• If the Team is created first, a Microsoft 365 Group with a SPO site and mailbox are created, but the Exchange mailbox is not visible via Outlook. It is there only to store the compliance copies of chats and for calendaring purposes.

Microsoft 365 Groups can be used to replace shared mailboxes or to give business areas the ability to access both email and SPO-stored content from the same location (as well as via File Explorer and Teams).

In the first screenshot below from Outlook Online, you can see a square ‘documents’ icon to the right of the words ‘Send email’. This square icon opens the Group’s SPO documents library (next screenshot). In the installed version of Outlook, clicking this link opens the SPO site in the browser window.

The Group mailbox in Outlook Online

In the screenshot below, you can see the Group’s files from the Documents library, General folder in Outlook Online.

The Group’s files from Outlook Online

The main positives of accessing SPO content from Outlook Online is that it is relatively easy to move between the Group’s emails and document stored in SPO. End-users can open and documents directly from Outlook, although this (currently) opens Word Online.

The main negative of accessing SPO content from Outlook Online is the limited functionality available from the ellipsis menu, including the inability to see previous versions or access the Recycle Bin. It is also not possible to modify the view (display columns). However, any changes made to the view in either Teams or SPO will be visible in the Outlook Online view.

The ellipsis menu in Outlook

4 – Anywhere, anytime – via mobile devices

Both Google and Apple provide the SharePoint mobile app, as well as apps for OneDrive, MS Teams, Outlook and Microsoft Office.

This means that mobile users can access their SharePoint content directly from a mobile device. They can also use the SharePoint app to search for any content they have access to.

The document library from a mobile device

The main negative with accessing SharePoint from a mobile device is the functionality is very limited. End-users can access and edit the content (if they have the relevant app installed), and can share the documents, but that’s all.

On the other hand, they can access the content anywhere, any time. That makes it very useful.

5 – From the browser – the full SharePoint experience

Of course, the end-user may also access SharePoint from the browser and it is usually a good idea to let them know they can do this for the reasons below.

They can access the browser version in multiple ways:

  • From the end-user SharePoint portal and clicking on the site – https://tenantname.sharepoint.com/_layouts/15/sharepoint.aspx
  • By clicking on ‘Open in SharePoint’ from the Files tab in Teams.
  • By saving the site as a favorite in their browser.
  • By clicking on the files option in a Group’s email inbox area in Outlook installed on the desktop.

The main or common reasons they might want to access the browser version of SharePoint are:

  • To recover a file they deleted (from any of the other locations, including File Explorer), from the Recycle Bin. This option is available for 93 days after the file was deleted. After that point, unless a retention policy has been applied (in which case the document will be in the Preservation Hold library, accessible to admins), the file is gone forever.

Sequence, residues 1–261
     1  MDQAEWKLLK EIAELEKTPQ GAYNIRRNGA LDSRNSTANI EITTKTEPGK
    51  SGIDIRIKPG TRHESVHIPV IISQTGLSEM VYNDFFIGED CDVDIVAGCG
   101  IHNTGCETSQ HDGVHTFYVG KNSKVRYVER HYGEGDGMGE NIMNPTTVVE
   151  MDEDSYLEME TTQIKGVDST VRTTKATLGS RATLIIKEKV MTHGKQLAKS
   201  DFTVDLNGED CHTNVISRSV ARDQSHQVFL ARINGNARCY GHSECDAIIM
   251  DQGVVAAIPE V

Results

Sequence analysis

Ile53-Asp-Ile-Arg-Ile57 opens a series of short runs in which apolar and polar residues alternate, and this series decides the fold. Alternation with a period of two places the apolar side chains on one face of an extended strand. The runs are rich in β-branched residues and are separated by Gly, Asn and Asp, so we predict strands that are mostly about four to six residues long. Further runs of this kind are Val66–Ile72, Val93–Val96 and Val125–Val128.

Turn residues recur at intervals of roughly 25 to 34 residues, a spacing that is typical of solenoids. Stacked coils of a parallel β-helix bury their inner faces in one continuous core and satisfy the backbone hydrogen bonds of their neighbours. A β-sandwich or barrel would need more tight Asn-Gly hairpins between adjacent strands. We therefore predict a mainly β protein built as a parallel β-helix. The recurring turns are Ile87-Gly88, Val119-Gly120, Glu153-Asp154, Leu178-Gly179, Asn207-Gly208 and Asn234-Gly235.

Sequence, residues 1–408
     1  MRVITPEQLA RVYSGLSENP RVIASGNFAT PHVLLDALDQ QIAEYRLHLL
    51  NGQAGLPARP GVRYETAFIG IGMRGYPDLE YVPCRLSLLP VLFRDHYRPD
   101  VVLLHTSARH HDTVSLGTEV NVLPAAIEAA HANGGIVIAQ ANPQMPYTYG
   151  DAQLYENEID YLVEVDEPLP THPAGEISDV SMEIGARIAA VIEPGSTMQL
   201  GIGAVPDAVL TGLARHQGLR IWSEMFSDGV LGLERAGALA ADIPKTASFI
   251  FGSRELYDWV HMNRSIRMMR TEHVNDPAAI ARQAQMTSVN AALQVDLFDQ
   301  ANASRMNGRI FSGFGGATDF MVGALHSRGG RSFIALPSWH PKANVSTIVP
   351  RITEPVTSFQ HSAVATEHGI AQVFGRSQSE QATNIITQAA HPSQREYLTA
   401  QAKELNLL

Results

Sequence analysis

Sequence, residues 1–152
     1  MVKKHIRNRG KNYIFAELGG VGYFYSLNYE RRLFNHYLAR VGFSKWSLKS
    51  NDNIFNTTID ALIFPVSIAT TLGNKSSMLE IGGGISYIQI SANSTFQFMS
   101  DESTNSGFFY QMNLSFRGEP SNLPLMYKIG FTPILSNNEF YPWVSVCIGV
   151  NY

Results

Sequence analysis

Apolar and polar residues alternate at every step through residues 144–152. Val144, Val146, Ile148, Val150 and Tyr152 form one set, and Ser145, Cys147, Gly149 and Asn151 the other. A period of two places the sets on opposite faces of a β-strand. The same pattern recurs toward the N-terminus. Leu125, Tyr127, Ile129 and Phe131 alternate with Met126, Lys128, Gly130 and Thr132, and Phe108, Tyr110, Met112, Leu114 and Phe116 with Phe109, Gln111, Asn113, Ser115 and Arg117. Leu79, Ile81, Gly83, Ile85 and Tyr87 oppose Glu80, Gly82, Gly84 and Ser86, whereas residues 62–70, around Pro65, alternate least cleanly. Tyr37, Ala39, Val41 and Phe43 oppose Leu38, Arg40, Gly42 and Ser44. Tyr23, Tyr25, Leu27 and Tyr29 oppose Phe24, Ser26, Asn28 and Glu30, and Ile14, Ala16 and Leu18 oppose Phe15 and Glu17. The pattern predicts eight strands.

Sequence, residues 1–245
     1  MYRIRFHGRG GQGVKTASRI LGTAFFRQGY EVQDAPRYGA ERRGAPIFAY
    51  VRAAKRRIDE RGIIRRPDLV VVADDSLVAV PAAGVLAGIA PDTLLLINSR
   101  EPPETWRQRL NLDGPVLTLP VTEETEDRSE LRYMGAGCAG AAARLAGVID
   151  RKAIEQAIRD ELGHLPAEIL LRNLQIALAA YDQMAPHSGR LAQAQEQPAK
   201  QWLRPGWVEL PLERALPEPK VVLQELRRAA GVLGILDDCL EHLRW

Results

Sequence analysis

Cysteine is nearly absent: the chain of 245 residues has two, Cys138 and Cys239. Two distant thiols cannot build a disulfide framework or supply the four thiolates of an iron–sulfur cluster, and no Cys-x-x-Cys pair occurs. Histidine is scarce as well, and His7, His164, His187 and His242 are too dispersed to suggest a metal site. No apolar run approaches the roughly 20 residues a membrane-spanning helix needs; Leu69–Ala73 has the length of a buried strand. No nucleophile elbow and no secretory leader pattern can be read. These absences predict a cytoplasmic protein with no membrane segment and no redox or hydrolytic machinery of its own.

• To see who has been working on a file, from the version history.
  • To see who has viewed a file (when this feature is enabled).
  • To seek approval for, or see who has approved which version of, a document. This functionality comes with every SharePoint library and list.
  • To add additional metadata to the content.
  • To use the full functionality of document sets. Note that these appear as normal folders in a synced document library.
  • To copy or move documents.
  • To check out a document.
  • To search for content and to view content in multiple ways through views.
  • And more.

Summing up

Access to SharePoint has never been easier, but it is a good idea to let end-users know that they can access their SharePoint content in multiple ways.

Some users may rarely access it via Teams (unless they are interested in collaborating more effectively than attaching documents to emails), and even less so via the full SharePoint browser interface. In summary:

OptionBest for
File ExplorerDay to day use where no additional metadata or labels are needed. Sharing (instead of attaching)
MS TeamsCollaboration.
OutlookFor Groups that also use the Group mailbox.
Mobile deviceAnywhere, anytime access
BrowserFor the full set of functionality, including the Recycle Bin, versioning history, viewing, usage information, searching and more.

It is important to let end users know the functionality that they can access in the different areas, especially the version history and Recycle Bin in the browser version of SPO. These alone can be ‘life savers’.

Author:

I am an experienced information management professional based in Melbourne, Australia. I have had close to 40 years of practical working knowledge across the full spectrum of information, records and content management issues, and direct and practical experience with contemporary and emerging business and information and enterprise content management systems. My product knowledge includes SharePoint 2010/2013/Online and OneDrive (SharePoint Administrator), Office 365 (including as a Global Administrator), Yammer, Sway, TRIM Context (R6.2 & 7.1), ECM Documentum, Alfresco Share; and other online systems. www.andrewwarland.com.au